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188
Ensemble forecasting at NCEP and the breeding method
 Mon. Wea. Rev
, 1997
"... The breeding method has been used to generate perturbations for ensemble forecasting at the National Centers for Environmental Prediction (formerly known as the National Meteorological Center) since December 1992. At that time a single breeding cycle with a pair of bred forecasts was implemented. In ..."
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Cited by 78 (9 self)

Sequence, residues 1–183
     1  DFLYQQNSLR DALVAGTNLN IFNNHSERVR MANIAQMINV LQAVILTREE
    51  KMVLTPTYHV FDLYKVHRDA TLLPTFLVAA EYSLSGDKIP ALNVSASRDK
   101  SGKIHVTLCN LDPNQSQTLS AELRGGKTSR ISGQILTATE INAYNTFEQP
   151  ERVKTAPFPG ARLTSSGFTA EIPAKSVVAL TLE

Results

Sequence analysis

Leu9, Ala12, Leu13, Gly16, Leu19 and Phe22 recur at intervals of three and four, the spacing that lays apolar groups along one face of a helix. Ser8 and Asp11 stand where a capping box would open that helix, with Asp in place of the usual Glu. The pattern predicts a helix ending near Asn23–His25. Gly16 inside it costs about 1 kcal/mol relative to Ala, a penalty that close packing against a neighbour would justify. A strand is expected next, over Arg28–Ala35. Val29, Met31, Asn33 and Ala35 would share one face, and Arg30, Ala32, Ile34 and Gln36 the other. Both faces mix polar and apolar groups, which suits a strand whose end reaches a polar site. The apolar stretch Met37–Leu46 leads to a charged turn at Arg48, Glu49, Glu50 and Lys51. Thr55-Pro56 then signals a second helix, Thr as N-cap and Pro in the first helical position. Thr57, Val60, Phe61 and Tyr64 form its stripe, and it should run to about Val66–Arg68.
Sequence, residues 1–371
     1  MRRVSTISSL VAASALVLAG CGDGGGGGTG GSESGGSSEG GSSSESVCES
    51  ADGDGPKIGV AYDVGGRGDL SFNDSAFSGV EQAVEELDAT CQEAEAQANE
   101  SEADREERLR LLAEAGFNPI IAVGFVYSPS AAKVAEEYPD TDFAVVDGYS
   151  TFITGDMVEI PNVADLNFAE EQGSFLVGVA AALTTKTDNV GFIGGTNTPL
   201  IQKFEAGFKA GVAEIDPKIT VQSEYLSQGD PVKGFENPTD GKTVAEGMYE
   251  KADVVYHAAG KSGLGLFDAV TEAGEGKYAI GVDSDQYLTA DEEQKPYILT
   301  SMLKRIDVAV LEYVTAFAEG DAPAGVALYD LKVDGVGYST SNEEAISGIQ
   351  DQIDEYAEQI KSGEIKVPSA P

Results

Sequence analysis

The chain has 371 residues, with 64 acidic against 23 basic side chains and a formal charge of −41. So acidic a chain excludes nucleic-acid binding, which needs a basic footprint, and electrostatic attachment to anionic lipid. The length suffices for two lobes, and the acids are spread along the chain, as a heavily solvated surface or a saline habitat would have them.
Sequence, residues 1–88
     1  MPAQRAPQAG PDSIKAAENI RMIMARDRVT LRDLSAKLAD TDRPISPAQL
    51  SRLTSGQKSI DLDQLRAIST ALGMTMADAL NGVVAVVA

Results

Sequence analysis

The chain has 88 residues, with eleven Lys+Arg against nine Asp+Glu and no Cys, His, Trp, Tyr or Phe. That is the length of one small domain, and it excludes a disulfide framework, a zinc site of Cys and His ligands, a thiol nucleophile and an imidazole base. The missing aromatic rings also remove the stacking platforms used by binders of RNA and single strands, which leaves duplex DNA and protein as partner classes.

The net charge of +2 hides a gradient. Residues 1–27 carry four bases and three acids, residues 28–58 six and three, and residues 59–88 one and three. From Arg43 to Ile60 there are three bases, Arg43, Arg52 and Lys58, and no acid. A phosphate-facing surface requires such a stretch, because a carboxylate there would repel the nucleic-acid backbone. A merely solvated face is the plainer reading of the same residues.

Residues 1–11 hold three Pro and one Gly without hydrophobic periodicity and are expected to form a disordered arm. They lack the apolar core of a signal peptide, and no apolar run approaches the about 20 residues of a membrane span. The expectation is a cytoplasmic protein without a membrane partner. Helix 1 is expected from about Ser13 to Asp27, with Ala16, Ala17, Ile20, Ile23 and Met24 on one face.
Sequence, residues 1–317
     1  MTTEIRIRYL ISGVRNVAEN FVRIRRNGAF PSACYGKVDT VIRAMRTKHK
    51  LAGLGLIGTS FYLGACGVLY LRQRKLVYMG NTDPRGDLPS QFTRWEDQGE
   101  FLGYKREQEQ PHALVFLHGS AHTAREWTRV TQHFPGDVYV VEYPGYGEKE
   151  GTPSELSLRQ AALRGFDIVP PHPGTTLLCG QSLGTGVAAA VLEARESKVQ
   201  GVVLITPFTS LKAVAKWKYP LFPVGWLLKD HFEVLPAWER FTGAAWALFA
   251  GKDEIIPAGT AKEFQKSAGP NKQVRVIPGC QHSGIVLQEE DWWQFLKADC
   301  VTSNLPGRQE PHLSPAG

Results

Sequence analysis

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The breeding method has been used to generate perturbations for ensemble forecasting at the National Centers for Environmental Prediction (formerly known as the National Meteorological Center) since December 1992. At that time a single breeding cycle with a pair of bred forecasts was implemented. In March 1994, the ensemble was expanded to seven independent breeding cycles on the Cray C90 supercomputer, and the forecasts were extended to 16 days. This provides 17 independent global forecasts valid for two weeks every day. For efficient ensemble forecasting, the initial perturbations to the control analysis should adequately sample the space of possible analysis errors. It is shown that the analysis cycle is like a breeding cycle: it acts as a nonlinear perturbation model upon the evolution of the real atmosphere. The perturbation (i.e., the analysis error), carried forward in the firstguess forecasts, is ‘‘scaled down’ ’ at regular intervals by the use of observations. Because of this, growing errors associated with the evolving state of the atmosphere develop within the analysis cycle and dominate subsequent forecast error growth. The breeding method simulates the development of growing errors in the analysis cycle. A difference field between two nonlinear forecasts is carried forward (and scaled down at regular intervals) upon the evolving atmospheric analysis fields. By construction, the bred vectors are superpositions of the leading local (timedependent)